30
Aug
Activities
Foraging for Lunch in Stratford’s Hinterland
In today’s over-processed food culture, a tomato racks up more road miles on its way to your grocery store than some people accumulate in a year. In an effort to put more nutritious, fresh fare on their table, Ontarians are turning back to the “gathering” method for sustenance – just as our ancestors did. Although a harvest from Ontario’s natural areas may not procure three square meals a day, there are plenty of delicious and healthy ingredients that will add flavour and interest to our meals. And most of these native plants are right under our noses when we take a walk through our favourite woods.

In late April, I went on a group guided hike into woodlots near Stratford with well-known forager and author Peter Blush of Puck’s Plenty. With a bag and scissors at the ready, we identified and collected a variety of delicious-tasting greens for a post-hike feast we indulged in at Stratford’s Milky Whey cheese shop.
With the rise of home gardens and small hobby farms for those with a desire to know exactly what’s on their plate, foraging is an increasingly popular, free, and less labour-intensive activity. . Foraging has long been a popular hobby or income supplement in Quebec; foraging expert Peter Blush, now based in Stratford, once operated a B&B in Quebec’s eastern townships, where he began foraging to add flare to his breakfasts. In that region, wild leeks are now an endangered species there because of over-foraging. However, when Peter moved to Ontario he was delighted to find that wild leeks – and a variety of other wild edibles – abounded in the woodlots of local farmers.

On our foraging trip, the group spent an hour a piece at two woodlots within five minutes’ of downtown Stratford. Peter leads several of these walks each year, organized by Tourism Stratford. On this beautiful, sunny day in late April (after a cool, late spring), we headed off into the trees, walking along the slightly muddy banks of creeks. After a few steps we quickly identified a common woodland plant, the not-edible and unfortunately pungent skunk cabbage, which gives off its namesake’s smell when stepped on. Dodging skunkweeds, we made our way down the overgrown trail, following Peter, who frequently stopped to point out edibles.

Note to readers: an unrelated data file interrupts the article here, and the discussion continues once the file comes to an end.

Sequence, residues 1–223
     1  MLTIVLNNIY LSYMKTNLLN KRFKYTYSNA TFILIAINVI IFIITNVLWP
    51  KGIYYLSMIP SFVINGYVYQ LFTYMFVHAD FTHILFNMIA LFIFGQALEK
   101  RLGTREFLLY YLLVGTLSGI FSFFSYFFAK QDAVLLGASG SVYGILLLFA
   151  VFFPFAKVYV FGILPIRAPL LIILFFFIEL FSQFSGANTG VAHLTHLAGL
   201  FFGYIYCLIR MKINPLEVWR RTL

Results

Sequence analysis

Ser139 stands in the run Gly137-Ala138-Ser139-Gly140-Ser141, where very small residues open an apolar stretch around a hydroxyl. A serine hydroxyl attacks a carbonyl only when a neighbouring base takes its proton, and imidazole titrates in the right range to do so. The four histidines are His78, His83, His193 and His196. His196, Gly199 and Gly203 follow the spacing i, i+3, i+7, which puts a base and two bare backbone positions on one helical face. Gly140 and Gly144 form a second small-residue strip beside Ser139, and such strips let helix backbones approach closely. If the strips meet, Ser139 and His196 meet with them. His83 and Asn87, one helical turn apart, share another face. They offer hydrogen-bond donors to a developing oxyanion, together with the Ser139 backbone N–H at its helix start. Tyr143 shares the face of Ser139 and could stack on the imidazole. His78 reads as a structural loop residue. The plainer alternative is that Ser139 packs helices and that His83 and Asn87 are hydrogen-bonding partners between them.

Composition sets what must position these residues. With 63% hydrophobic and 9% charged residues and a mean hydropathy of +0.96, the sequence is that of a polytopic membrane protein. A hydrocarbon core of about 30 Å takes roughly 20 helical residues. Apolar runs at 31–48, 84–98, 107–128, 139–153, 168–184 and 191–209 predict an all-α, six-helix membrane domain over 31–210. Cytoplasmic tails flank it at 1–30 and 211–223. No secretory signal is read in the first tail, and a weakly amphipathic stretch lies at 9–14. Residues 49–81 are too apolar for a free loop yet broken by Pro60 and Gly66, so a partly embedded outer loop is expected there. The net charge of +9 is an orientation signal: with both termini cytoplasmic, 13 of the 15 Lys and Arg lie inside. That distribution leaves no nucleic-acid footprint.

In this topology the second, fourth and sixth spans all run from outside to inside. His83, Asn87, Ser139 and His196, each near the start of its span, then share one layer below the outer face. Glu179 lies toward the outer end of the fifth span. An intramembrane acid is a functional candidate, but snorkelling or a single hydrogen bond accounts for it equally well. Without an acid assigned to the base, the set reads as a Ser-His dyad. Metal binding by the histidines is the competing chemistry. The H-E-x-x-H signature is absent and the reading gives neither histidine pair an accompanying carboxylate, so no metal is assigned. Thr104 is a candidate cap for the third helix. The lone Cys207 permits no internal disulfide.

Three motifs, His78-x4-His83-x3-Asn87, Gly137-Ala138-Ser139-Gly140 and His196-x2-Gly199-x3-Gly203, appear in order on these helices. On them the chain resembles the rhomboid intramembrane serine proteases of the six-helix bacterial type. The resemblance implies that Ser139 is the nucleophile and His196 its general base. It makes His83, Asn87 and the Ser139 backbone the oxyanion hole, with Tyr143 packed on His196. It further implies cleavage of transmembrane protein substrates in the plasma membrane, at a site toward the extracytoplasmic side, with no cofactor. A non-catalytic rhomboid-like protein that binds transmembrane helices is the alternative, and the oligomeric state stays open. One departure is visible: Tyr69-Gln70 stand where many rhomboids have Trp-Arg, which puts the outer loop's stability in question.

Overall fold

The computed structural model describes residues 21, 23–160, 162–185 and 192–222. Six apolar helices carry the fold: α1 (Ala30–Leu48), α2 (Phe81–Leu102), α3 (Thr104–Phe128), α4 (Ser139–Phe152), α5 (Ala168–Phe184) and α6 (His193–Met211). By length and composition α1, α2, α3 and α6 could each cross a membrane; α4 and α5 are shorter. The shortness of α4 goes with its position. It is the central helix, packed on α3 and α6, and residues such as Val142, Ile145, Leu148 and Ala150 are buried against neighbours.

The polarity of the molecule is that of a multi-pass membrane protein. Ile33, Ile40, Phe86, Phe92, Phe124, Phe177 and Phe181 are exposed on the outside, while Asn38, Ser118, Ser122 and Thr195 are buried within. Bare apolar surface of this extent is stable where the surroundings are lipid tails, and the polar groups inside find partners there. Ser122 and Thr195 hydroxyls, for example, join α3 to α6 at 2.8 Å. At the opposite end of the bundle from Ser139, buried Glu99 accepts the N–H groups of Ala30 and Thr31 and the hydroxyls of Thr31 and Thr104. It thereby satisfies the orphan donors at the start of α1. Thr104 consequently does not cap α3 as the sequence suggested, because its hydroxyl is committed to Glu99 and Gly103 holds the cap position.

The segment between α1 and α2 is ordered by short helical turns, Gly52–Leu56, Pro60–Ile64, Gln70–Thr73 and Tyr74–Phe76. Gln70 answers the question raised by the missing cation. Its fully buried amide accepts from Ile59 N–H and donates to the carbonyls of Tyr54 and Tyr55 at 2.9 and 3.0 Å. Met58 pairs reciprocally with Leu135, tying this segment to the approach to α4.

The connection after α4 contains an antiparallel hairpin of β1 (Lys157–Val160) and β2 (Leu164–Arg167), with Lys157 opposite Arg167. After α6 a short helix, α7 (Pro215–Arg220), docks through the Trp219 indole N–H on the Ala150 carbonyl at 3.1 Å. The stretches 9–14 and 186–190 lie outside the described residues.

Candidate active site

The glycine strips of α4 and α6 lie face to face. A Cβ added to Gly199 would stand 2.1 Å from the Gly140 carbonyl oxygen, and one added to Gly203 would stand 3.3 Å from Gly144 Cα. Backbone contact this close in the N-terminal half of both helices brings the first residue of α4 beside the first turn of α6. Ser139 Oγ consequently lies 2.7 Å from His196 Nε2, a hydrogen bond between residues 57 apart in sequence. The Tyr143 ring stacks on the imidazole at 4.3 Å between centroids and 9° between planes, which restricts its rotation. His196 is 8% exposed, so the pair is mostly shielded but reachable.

First up was fiddleheads. These gourmet greens are found on the menus of high-end restaurants and for a pretty penny in grocery stores (Peter says, “I don’t know what they put on the fiddleheads in the store to get them to stay fresh, but these natural ones have more flavour.”). It would be easy to miss the tufted mounds with just a hint of the curved green spine of the fiddlehead sticking up at the top. However, once one was pointed out to us, the group saw them by the dozen.

We also found trout lilies, with delicate yellow edible flowers and slightly sweet leaves (just taking a couple leaves from each plant), a perfect garnish for the top of a salad. Like the trout lilies, the wild leeks we came across were found in groups around a large tree. Peter advised only taking a few leeks (or trout lilies) from each bunch to ensure the health of the group (which take about five years to become a sustainable, mature group). Also, he advised to harvest leeks from the centre as the seeds from neighbouring plants will help repopulate that area more readily.
We also found some wild ginger, which is a thin root (not at all like the huge ginger roots in the grocery store, and with a more subtle flavour). After shaving off the outside bark of the root, the sinus-clearing smell fills the air.

We also found some stinging nettles, but, unlike the other edibles we found along the trail, you can’t eat these raw unless you fancy a stinging mouth.

After our walk, the group headed back to Stratford to have a refreshing lunch at the Milky Way Fine Cheese Shop. A sampling of the meal included stinging nettle and wild mushroom cheeses (of course) from Mountain Oak Cheese of New Hamburg, a salad that included our trout lilies, a wild leek quiche, and a wild leek soup made from Peter’s own recipe.
This was certainly a lovely way to welcome in spring and another year of plenty from Ontario’s soil.

For recipes using Ontario’s wild edibles, visit Peter’s website. For details on upcoming foraging trips (such as the one September 14), visit Stratford Tourism’s website. For ideas of other culinary activities in Perth County, see this planned trip.
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Comment from Honeycomb on Sep 10, 2013
Interesting that the ginger looked so different in the woods. Wonder how ginger is commercially farmed and what makes it so huge.